At Ballmer Group, we bring communities together to help give kids living in poverty in the United States a shot at moving up. Why? While we look to the public sector to fund and provide support services, “Government is not equipped to make sure the whole is bigger than the sum of its parts,” Steve Ballmer noted recently. “We need a partnership to get to a common understanding of how to target resources to the most pressing challenges.”
I recently traveled with Connie and Steve Ballmer and several colleagues to visit cradle-to-career partnerships in Spartanburg, SC and Memphis, TN to get a better understanding of what it takes to drive real improvements for kids and families.
We came away from discussions with key community leaders, practitioners, advocates, and families in these communities with a host of interesting insights, but one stood out as particularly critical: These partnerships work best when they are held together by an organization that serves as the backbone linking together everyone who can have an impact on a child’s life. This insight is not a surprise, since it is a key element to achieving collective impact. But the skills and competencies these small teams have refined over time are simply game changing when done well.
At the absolute simplest level, this backbone organization must do the following with excellence:
· Bring people together to set common goals and hold shared accountability for real results - not just talk
· Bring the data together to understand progress on the goals and to identify and build on what actually works
· Bring resources together – time, talent, and treasure – to support, improve, and scale what works to give children and families a shot at moving up the economic ladder
And while all three of these roles are important and mutually dependent for success, what stood out on this trip is the centrality of data across the work of a backbone or intermediary organization:
· The primary long-term role of the backbone is to coach on how data is collected and utilized to practice continuous improvement. Data is often used in the social sector and with public agencies to play “gotcha.” The backbone entities supporting the partnerships never do this. They act in a neutral role to “build the civic muscle” to use data on an ongoing basis to inform the everyday work of partners like school districts and nonprofits. As one local district superintendent put it after working for years with the backbone team at Spartanburg Academic Movement, “We now have trust with the staff at the intermediary so we know that the data won’t be used to shame us. Now we’re focused on kids, not fear.”
· A key part of this coaching is knowing how to ask the right questions to collect the right data. The truth of the matter is that there is a glut of data being collected in the social sector. The real challenge is making sure the data is useful. In Memphis, we heard about data being collected so intentionally in one high-quality childcare center that it was used weekly to make changes to teacher practice. The backbone team can work with other similar centers to sure this is done on an ongoing basis in across the community.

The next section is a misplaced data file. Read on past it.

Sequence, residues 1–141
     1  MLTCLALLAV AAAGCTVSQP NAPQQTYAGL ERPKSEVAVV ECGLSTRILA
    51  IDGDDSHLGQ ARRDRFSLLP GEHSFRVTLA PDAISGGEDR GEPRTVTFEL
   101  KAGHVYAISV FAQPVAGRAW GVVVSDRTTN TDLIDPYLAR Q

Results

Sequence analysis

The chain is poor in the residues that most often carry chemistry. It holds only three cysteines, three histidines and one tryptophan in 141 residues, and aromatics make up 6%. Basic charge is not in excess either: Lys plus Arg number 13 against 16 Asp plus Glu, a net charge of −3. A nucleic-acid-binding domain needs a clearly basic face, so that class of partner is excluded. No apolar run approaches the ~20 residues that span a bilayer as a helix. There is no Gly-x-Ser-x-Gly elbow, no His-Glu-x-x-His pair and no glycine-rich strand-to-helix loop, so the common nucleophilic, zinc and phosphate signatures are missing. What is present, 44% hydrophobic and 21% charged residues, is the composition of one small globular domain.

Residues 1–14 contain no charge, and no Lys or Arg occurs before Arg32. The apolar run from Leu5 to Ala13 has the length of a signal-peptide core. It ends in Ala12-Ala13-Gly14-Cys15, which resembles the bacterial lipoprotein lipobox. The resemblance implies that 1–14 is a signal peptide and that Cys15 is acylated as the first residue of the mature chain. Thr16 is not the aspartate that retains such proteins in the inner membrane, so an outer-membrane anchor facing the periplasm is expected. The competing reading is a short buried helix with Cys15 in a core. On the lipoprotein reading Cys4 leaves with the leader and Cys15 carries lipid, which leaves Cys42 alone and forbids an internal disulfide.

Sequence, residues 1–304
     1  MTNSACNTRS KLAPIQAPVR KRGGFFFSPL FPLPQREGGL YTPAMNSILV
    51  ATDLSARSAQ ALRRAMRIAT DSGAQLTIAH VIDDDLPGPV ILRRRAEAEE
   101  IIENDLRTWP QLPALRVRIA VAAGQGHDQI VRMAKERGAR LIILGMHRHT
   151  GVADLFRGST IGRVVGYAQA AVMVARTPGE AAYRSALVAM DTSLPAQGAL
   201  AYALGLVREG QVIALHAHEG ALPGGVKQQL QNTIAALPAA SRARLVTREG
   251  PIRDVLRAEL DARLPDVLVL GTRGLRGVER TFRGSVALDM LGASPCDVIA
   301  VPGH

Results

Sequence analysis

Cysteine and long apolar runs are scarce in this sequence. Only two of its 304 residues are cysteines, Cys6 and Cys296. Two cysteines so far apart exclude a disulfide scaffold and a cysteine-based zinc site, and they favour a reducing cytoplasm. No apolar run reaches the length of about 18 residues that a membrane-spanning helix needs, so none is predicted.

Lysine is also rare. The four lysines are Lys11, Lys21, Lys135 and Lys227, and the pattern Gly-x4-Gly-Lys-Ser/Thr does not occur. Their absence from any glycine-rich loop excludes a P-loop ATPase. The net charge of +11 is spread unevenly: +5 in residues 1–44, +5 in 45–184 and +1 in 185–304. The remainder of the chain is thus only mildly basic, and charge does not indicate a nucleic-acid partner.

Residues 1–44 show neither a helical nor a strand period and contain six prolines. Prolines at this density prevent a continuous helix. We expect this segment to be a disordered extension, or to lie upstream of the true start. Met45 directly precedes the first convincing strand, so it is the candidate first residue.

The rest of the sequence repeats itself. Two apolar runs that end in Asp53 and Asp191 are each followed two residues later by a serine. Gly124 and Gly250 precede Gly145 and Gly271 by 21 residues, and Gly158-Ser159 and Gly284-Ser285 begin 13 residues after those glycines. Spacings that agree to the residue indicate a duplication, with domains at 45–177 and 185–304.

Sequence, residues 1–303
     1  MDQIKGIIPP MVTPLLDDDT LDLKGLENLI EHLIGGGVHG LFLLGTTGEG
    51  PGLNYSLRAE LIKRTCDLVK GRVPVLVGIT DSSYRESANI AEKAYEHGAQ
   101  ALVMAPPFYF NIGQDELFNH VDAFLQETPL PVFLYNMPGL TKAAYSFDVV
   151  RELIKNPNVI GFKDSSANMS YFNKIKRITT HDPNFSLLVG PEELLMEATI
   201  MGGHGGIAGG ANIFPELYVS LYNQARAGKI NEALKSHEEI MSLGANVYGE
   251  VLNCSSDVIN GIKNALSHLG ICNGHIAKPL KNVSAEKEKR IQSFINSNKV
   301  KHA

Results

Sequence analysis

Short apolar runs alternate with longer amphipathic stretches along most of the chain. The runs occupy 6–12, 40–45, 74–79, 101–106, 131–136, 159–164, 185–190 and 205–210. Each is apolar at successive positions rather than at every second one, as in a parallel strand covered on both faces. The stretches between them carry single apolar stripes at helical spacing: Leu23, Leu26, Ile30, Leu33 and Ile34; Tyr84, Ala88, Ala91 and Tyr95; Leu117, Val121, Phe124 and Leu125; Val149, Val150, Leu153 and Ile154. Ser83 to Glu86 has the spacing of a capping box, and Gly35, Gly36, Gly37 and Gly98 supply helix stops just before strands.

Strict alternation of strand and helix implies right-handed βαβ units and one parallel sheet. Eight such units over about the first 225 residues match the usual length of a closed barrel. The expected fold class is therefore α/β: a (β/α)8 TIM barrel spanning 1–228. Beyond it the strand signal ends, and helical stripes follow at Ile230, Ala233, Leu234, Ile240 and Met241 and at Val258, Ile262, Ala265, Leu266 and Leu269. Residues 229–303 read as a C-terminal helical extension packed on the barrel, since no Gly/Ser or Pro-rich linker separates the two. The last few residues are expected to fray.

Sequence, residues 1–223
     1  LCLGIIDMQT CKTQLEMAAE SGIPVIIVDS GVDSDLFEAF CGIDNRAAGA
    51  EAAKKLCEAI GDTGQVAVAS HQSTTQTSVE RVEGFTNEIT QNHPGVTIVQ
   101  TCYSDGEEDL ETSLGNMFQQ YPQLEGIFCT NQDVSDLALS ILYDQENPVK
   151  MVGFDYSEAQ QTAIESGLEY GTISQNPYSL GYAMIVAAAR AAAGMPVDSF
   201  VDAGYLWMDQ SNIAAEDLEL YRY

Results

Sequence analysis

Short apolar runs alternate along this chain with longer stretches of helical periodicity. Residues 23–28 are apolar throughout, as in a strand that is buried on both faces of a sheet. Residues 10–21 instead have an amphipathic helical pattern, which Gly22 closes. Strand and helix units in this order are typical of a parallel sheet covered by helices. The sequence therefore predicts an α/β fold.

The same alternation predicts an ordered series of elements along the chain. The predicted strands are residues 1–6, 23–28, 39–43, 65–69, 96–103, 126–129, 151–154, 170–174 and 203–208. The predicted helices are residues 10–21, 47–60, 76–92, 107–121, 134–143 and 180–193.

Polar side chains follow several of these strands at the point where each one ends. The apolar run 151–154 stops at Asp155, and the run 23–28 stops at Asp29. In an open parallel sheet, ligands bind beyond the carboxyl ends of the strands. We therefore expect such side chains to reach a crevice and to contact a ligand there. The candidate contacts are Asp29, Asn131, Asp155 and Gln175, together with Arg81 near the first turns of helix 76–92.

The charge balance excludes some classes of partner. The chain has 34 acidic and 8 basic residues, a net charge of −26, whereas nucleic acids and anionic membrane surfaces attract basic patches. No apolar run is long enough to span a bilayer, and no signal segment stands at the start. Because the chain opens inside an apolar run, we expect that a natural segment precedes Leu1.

· Coaches must also lift up those who question assumptions to find real solutions. It would be easy to assume that extending the school day would improve student performance. But as another superintendent in Spartanburg noted, “At first, we thought that if we kept kids after school, fed them, and offered some tutoring, we’d see better test scores. We did not. Then we thought we’d get new software, which would translate to better outcomes. But outcomes did not improve again. Continuous improvement rapid-cycle tests to evaluate changes helped us look harder. Now we understand it is a mix of all these factors, along with social/emotional issues and transiency.” As a result, the districts are not only working on academic improvement and enrichment, but also housing and social service alignment. In our eyes, these partners are rock stars for challenging commonly held beliefs and finding impactful solutions.
The bottom line: these partnerships are critical to tackling complex social challenges, but they need highly skilled and adequately resourced backbone staff to do it.
Any community serious about giving every child and family a fair shot needs to ensure that the best leaders and facilitators they can find are focused on bringing the right people, data, and resources together and making decisions based on data. This is why Spartanburg, Memphis, and so many other communities across the country pioneering this work are making an impact.